Dear Michael: If you make an offer on a house and the seller comes back with a counter offer and you agree to it, can the seller still change his mind and sell to someone else?
Answer: A seller is free to withdraw the counteroffer any time prior to acceptance. The communication method for acceptance is described in the purchase contract. If your acceptance of the offer is communicated to the seller in the method described by the purchase agreement (prior to the seller withdrawing the offer), the seller should honor the contract with you and should not entertain any other offers.
But people don’t always do what they should. The problem then becomes whether you try to enforce your contract or not, which requires legal advice and expense. For that, you may want to consult an attorney. Although you could probably technically enforce the contract, you have to reach a decision on whether it makes sense to spend the time and money to do so. Or does it make more sense to realize the seller changed their mind and just move on to buy something different? I would choose the last method and save myself the headaches.
Dear Michael: I am closing escrow next week and the tenants are moving out on the day we close. I am worried that they may not move out. What would I do then?
Answer: Worst-case scenario, you would become a landlord for tenants that you would probably need to evict. Your best bet is to delay the close. Schedule your walk-through the day after the tenants move out; it’s the only way for you to be 100% sure that they have moved out and the property is not left in a state of disarray.
The purchase contract clearly states that tenants should be out of the property five days prior to the close. This is to ensure the buyer that the tenants are out and give the buyer enough time to work out any issues if the property should be damaged by the tenants.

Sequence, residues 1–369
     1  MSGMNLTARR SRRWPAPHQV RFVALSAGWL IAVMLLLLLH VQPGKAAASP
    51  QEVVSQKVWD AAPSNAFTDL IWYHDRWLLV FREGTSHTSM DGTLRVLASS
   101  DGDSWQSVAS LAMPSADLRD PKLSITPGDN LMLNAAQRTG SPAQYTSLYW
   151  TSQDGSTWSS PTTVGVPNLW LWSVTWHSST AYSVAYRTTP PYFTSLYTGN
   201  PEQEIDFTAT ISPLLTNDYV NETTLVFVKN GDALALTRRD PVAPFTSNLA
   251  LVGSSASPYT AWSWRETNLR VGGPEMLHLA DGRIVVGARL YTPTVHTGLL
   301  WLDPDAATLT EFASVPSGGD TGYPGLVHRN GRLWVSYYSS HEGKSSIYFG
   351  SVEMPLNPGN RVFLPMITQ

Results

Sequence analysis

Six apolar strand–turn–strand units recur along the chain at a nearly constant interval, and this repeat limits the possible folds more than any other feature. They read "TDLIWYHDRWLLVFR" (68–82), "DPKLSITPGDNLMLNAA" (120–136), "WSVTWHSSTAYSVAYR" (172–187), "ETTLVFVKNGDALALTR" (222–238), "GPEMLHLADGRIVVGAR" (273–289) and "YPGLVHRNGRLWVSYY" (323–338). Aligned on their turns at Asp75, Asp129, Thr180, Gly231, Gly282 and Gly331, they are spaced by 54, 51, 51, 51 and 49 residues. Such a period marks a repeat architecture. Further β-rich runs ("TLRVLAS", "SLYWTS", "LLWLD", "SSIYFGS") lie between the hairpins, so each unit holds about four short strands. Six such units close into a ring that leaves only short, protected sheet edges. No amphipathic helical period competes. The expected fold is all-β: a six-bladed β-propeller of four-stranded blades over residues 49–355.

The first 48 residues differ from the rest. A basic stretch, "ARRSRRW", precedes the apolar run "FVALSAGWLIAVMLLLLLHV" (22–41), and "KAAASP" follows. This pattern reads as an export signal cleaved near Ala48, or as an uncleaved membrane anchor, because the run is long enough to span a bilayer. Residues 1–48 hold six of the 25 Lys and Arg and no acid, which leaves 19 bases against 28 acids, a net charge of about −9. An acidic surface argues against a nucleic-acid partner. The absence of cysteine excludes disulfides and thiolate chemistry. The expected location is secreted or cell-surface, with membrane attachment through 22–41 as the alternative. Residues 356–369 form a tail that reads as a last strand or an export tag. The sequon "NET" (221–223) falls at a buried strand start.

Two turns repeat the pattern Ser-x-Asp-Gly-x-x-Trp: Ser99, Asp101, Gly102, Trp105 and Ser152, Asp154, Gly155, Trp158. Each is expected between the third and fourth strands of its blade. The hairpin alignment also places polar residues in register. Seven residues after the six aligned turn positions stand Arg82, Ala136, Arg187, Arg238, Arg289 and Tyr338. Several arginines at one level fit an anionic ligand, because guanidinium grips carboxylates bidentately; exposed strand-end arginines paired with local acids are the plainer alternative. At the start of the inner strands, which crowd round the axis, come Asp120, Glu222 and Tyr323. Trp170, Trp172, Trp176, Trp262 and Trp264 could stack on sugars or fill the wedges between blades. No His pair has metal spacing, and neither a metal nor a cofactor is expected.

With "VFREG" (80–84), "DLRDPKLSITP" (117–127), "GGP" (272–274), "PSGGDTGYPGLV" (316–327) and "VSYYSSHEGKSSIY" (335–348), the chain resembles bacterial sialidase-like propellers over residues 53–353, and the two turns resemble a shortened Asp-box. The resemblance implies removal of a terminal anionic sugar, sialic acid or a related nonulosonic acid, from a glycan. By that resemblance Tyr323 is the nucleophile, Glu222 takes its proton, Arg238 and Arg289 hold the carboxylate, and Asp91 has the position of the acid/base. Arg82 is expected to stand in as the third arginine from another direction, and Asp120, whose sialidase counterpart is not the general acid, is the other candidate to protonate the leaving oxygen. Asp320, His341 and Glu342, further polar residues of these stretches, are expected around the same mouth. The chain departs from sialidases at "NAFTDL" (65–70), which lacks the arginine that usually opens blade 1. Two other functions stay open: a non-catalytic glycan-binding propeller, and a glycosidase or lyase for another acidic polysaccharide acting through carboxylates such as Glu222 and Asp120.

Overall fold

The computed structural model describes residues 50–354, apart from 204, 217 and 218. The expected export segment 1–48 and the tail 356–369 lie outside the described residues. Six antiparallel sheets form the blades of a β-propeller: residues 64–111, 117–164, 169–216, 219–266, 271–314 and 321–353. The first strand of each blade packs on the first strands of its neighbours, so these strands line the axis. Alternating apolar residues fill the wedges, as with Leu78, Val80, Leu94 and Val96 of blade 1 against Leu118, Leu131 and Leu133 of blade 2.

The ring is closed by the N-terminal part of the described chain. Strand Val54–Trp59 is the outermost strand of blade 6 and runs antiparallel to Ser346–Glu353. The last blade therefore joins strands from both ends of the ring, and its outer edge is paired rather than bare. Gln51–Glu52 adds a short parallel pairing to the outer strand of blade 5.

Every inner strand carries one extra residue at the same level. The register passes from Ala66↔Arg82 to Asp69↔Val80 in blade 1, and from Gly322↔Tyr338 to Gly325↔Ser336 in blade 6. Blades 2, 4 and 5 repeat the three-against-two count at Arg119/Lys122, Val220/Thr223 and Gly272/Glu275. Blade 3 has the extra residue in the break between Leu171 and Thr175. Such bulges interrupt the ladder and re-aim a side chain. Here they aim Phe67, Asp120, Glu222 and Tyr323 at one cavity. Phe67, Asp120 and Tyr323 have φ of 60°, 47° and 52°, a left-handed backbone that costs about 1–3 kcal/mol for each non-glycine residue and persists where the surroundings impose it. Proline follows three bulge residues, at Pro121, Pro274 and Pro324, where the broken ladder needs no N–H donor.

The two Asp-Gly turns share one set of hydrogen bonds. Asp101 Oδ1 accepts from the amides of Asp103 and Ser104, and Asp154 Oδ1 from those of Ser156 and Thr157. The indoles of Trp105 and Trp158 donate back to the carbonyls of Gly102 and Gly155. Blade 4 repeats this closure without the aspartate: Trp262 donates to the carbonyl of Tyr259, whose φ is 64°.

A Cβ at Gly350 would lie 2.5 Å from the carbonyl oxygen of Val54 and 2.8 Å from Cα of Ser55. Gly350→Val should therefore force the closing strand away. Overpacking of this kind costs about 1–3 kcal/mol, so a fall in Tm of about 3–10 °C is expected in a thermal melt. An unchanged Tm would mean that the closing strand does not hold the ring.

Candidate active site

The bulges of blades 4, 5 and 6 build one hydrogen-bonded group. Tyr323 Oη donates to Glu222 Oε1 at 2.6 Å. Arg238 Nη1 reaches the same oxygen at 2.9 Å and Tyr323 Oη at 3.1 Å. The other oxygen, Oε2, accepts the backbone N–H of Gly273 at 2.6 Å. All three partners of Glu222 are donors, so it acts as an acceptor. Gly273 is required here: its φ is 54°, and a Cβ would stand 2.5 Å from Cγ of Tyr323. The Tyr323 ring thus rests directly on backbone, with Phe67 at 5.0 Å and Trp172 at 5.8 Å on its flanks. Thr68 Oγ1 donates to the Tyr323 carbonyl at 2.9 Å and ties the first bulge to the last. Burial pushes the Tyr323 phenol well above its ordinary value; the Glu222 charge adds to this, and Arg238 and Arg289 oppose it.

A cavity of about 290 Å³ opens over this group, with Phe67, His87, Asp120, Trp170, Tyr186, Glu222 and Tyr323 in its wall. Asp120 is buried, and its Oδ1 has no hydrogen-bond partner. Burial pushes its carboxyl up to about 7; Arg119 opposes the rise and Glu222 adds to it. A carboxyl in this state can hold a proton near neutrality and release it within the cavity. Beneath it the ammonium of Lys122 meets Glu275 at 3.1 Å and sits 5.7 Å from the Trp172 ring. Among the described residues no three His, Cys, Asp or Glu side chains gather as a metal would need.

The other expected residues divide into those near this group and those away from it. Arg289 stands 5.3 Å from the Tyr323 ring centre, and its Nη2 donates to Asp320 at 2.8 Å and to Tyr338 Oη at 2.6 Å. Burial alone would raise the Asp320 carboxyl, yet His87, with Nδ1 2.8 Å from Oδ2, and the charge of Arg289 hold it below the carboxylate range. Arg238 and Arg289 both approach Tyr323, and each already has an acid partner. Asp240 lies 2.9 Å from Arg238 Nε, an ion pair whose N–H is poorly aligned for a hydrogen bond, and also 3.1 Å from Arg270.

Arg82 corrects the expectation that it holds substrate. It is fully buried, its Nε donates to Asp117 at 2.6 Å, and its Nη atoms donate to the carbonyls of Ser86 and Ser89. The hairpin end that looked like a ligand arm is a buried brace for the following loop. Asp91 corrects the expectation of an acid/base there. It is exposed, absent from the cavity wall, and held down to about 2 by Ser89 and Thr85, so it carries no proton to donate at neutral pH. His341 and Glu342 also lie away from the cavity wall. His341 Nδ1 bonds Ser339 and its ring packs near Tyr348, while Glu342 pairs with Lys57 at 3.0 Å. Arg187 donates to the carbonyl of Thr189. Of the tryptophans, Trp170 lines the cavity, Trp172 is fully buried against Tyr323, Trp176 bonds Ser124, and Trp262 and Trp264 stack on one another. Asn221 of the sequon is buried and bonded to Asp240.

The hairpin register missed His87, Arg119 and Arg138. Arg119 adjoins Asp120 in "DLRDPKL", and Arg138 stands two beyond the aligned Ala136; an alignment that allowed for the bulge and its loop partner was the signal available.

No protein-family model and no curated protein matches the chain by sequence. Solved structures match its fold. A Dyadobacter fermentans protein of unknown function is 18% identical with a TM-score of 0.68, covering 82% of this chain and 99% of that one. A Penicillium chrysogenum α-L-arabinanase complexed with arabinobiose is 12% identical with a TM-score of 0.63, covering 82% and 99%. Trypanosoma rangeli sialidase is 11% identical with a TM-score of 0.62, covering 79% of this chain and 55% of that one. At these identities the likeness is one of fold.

Your seller is in breach of contract, but with tenants, it may be beyond your seller’s control. You should hold off depositing your down payment to escrow until you’re guaranteed that the tenants are out. Timing is of the essence: The cut off time to stop the transfer (closing) is at 4 p.m. the business day prior to the transfer.
Dear Michael: How come I’m paying more in property taxes than some of my neighbors who have similar houses?
Answer: Your taxes are not based on your neighbors’, but are based on the price you voluntarily agreed to pay for your home. Before Proposition 13, the average property tax rate in California was 3% of assessed value and there was no limit on annual increases. In those days, if a house on your block sold for much more than you paid for your house, you shuddered in fear when you received your next property tax bill.
Chances are your new taxes would be based on what your new neighbor was willing to pay for his home. Things were so bad in the late 1970s that people were actually losing their homes because of uncontrolled tax increases. The assessment rate is now only 1.25% for all California property and annual tax increases are limited to no more than 2%. When property is sold, it is then reassessed at market value, but the rate remains at 1.25% and the new owner is then protected by the 2% cap on annual increases.
Michael Kayem is a Realtor with Re/max/Execs, serving Culver City and the Westside since 2001. Contact him at (310) 390-3337 or email@example.com.